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The Smark Henry Pay-Per-Review: SummerSlam 2019


For all intents and purposes, this year's SummerSlam had immense pressure on it to do great. There's the usual pedigree; like recent previous SummerSlams, it's been positioned as a huge party, what with NXT Takeover happening a day prior, and all the wrestling hoopla surrounding Toronto as the WWE came to the city. There's also the fact that it went up against the finals of this year's G1 Climax, the arguable elite level of the industry today.

That's why it's strange to see WWE, with all its marketing, come out with an event that merely pantomimed WrestleMania. SummerSlam pretended like it's a big deal—and it is, it should be—but it really felt like pretend.

Don't get me wrong; this SummerSlam isn't terrible by any stretch of the imagination. It simply feels like it didn't end up being as big as it was supposed to feel, considering how much the company poured into its marketing.

Perhaps the biggest culprit is the lack of variety on this card, causing a majority of the action to play out the same. A quick look on the card shows only one tag match out of 12, and ironically it's the Women's Tag Team Championship. The main card is a slog of eight singles matches with relatively few bright spots, missing the high-octane intensity of a RAW or SmackDown Tag Team Championship match somewhere in the middle. This may not have been intentional, but it sure does make for a largely monotonous night.


This inadvertent setup results in the non-conventional spots shining brightest. A non-match affair like Dolph Ziggler vs. Goldberg stands out because it's just Goldberg hitting his big-time moves. Ricochet and AJ Styles get bonus points for turning up the speed. Kevin Owens and Shane McMahon earn pops for playing out their huge story beats.

And by the end of the night, Brock Lesnar and Seth Rollins look like the biggest damn geniuses for straying far away from the WWE formula—of course, as Brock always does—that's been on full display all evening. The main event, for once in a long time (or at least, that I could remember), felt like the saving grace of a SummerSlam that's mostly just been here.

I just look at it as the culmination of a strange past few months following WrestleMania. It feels like we finally get to move on to another chapter, hitting that soft reboot button on the way.

SummerSlam 2019 Final Grade: B

Match of the Night

It's the main event. Trust me.

But really, a second go-round with Lesnar seems to be exactly what Seth needed to reestablish his otherwise middling Universal Championship reign. Of course, it's not his fault a program with Baron Corbin didn't set the world on fire, but it certainly didn't hurt to pull out another great match (an even better one than their WrestleMania outing) to become champion.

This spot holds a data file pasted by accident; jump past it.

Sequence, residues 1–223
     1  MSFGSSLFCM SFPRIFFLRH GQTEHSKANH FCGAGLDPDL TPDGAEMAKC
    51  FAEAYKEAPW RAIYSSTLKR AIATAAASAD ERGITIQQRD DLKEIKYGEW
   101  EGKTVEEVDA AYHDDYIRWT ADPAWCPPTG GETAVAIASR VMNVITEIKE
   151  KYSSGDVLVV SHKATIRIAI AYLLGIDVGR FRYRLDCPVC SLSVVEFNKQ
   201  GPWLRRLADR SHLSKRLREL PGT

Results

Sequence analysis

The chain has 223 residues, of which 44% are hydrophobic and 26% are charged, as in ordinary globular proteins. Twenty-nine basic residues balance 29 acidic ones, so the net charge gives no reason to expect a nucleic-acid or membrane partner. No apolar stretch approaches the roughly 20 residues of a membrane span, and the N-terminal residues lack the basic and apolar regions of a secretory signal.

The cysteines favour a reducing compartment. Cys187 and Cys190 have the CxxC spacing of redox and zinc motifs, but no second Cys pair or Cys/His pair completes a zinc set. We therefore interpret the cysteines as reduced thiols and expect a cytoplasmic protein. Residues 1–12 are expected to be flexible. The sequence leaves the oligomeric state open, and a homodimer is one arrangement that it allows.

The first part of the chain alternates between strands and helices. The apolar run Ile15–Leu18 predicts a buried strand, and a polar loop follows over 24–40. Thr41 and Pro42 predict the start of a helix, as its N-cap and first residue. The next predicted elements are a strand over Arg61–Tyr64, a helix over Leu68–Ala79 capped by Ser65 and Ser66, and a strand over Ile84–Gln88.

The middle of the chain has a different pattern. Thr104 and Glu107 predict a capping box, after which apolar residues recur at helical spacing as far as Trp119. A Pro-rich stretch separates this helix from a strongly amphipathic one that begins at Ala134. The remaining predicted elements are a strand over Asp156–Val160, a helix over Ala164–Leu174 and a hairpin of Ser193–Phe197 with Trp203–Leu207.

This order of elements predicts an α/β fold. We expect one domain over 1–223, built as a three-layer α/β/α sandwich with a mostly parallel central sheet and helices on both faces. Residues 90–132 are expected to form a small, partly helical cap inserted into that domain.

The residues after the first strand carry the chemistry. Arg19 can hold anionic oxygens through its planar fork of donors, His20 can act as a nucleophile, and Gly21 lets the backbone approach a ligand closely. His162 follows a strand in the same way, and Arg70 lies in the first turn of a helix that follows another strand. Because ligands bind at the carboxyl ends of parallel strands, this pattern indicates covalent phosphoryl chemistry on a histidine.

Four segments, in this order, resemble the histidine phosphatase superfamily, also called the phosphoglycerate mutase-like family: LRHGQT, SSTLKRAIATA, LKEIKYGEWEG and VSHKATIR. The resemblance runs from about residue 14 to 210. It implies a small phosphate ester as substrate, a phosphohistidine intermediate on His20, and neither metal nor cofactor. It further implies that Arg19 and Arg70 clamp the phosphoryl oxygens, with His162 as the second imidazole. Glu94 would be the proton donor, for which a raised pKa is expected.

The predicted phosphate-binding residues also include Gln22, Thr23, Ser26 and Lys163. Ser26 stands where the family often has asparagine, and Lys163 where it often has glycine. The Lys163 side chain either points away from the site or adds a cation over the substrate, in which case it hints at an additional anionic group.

Other observations

  • If the Cruiserweight Championship match was just there to have a Cruiserweight Championship match on the card, I would've preferred they took the time off and built up to it in a couple of weeks instead. 205 Live didn't need that charity, especially the kind where you only get eight minutes to tell a title story.
  • The Apollo Crews/Buddy Murphy match was especially strange, because we were never getting the full match. I think it could've been done as a backstage attack by Rowan on the main show.
  • Dolph Ziggler's insistence on getting speared was a hardworking touch I could get behind; it's at least not a simple arrive, Spear and Jackhammer, leave situation.
  • Not quite sure how I feel about Charlotte/Trish going that long, because I'm not sure if they really had to. Trish is in great shape, but isn't quite her old self. I can give her a pass on that, but they could've done her a favor by giving this match fewer minutes.
  • The crowd did not like the double countout at all, even though I get the logic behind it, but to be honest they seemed pretty tired to care about what was a run-of-the-mill matchup between Kofi and Orton. They made up for the non-finish with a strong, believable performance by Kofi as the angry family man, though, and I want to see how much further these two can take it. It's just a shame this step of the story had to happen on a show like SummerSlam.
  • I'm all for the Fiend, I really am, but did he really do a neck snap spot... that Finn actually came back from? Why do it if you're not actually going to kill the guy? Everything about the Fiend was perfect save for that spot.

Photo from WWE


*****

Romeo Moran (@roiswar) is the Editor in Chief of Smark Henry and one of the three hosts of the Smark Gilas-Pilipinas Podcast. He gets by in this hard knock life through working in publishing. Smark Henry was his and Stan Sy's original vision of a watering hole for local wrestling fans. He roots for the undersized guys who hit hard, but really hates Davey Richards with his entire soul. He likes taking your wrestling questions over on his CuriousCat account.

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